Harm reduction

What is Harm Reduction?

Just like the approach in HIV and Aids, the initial approach aimed at eliminating the pandemic was centered on abstinence and being faithful to one partner, the campaigns are purported to have been almost unsuccessful, increase in HIV contraction sustained. After it was known that some people cannot handle abstinence and being faithful to one partner regardless of the noticeable consequences of HIV and Aids, the campaign strategy shifted to promoting the use of condoms in order to help in reducing the risk of HIV contraction.

Similarly, in tobacco harm, whilst we recognize that; Malawi has no any regulations on tobacco control; that our tobacco farmers cannot easily and quickly switch to alternative livelihood opportunities; and that there are other people who are already addicted to nicotine consumption, we believe that something needs to be done to help in dropping the adverse effects of tobacco in the country.

As portrayed in the FCTC, “tobacco control” means a range of supply, demand and harm reduction strategies that aim to improve the health of a population by eliminating or reducing their consumption of tobacco products and exposure to tobacco smoke. People who are prone to start the habit of smoking must be prevented from initiation, those who smoke but can manage to quit must be helped to stop and those who have grown dependence on nicotine consumption must be helped to switch to other scientifically proven less harmful means of nicotine delivery.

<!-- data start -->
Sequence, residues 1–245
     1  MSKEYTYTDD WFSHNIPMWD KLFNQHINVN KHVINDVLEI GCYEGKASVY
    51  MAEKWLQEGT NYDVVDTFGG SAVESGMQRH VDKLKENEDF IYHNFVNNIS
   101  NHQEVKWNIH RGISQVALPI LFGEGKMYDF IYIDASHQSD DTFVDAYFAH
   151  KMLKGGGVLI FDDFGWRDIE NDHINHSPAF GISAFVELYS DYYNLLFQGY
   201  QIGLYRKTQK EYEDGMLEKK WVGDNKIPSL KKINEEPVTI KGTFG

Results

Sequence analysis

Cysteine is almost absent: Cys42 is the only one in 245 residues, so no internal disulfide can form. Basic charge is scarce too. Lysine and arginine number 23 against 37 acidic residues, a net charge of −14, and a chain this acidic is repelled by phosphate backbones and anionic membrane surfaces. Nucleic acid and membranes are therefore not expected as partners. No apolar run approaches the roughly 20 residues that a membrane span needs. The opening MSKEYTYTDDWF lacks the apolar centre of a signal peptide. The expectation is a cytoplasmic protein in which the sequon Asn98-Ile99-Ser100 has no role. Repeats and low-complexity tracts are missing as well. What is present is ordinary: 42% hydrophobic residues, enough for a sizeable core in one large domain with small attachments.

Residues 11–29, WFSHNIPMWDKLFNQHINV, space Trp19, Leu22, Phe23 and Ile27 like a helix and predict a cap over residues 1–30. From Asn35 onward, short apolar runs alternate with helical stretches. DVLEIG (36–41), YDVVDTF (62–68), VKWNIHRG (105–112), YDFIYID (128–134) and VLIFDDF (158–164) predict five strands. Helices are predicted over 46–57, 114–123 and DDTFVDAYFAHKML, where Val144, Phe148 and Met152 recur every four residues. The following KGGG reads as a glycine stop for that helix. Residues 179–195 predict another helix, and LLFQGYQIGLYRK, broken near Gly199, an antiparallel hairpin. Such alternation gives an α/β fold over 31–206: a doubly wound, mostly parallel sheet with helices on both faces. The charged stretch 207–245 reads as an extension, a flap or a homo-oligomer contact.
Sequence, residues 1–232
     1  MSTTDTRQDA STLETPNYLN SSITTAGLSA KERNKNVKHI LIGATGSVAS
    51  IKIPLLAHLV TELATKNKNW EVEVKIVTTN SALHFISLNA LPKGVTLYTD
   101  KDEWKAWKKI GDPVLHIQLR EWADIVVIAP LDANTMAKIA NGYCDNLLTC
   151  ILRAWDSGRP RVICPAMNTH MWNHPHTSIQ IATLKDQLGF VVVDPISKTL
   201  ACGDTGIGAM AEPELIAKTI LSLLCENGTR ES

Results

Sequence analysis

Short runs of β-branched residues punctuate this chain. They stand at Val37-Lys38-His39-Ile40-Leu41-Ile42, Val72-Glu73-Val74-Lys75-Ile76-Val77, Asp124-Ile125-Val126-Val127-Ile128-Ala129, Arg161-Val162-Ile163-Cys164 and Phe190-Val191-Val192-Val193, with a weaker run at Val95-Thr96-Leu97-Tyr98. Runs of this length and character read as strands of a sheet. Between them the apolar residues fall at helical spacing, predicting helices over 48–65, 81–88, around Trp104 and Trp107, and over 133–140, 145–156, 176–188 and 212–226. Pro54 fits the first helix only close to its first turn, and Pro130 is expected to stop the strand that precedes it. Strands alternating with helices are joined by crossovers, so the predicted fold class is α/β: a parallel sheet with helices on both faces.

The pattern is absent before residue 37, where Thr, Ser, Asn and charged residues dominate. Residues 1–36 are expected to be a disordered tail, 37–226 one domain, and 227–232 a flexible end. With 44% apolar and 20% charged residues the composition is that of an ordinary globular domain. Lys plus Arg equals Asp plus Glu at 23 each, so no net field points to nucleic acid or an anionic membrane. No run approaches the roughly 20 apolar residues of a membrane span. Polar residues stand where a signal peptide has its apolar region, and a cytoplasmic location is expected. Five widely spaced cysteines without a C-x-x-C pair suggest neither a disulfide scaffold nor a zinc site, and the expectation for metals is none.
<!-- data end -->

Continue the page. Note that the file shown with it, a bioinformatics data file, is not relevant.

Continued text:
Quitting

Quitting is difficult, but your doctor can help you make a plan. Finding a way to quit tobacco consumption is the most important step you can take to living a longer and happier life, there are both short and long-term benefits to quitting smoking. There are a variety of nonprescription and prescription medications that can help you quit.

Harm reduction technologies

Though not very popular in Malawi, science has established that new technologies like the electronic cigarettes have reduced risk of harm as compared to the combustible cigarettes. People who have nicotine addiction can switch to such alternatives in order to satisfy their nicotine crave whilst reducing the risk of harm they could be exposed to when using combustible cigarettes.


References

World Health Organization, (2003), WHO framework convention on tobacco control. Geneva, Switzerland.

https://www.cdc.gov